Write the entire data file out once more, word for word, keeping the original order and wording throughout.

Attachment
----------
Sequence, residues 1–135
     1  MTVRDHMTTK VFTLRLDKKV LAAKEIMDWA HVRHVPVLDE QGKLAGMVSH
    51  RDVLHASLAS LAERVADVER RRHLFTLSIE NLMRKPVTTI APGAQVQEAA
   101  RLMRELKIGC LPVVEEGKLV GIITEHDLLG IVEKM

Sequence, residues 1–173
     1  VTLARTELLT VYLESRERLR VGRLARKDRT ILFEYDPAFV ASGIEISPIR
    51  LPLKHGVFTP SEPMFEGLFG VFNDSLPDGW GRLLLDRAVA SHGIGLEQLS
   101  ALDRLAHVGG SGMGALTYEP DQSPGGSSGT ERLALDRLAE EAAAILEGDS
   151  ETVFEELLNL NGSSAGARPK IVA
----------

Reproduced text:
Sequence, residues 1–135
     1  MTVRDHMTTK VFTLRLDKKV LAAKEIMDWA HVRHVPVLDE QGKLAGMVSH
    51  RDVLHASLAS LAERVADVER RRHLFTLSIE NLMRKPVTTI APGAQVQEAA
   101  RLMRELKIGC LPVVEEGKLV GIITEHDLLG IVEKM

Sequence, residues 1–173
     1  VTLARTELLT VYLESRERLR VGRLARKDRT ILFEYDPAFV ASGIEISPIR
    51  LPLKHGVFTP SEPMFEGLFG VFNDSLPDGW GRLLLDRAVA SHGIGLEQLS
   101  ALDRLAHVGG SGMGALTYEP DQSPGGSSGT ERLALDRLAE EAAAILEGDS
   151  ETVFEELLNL NGSSAGARPK IVA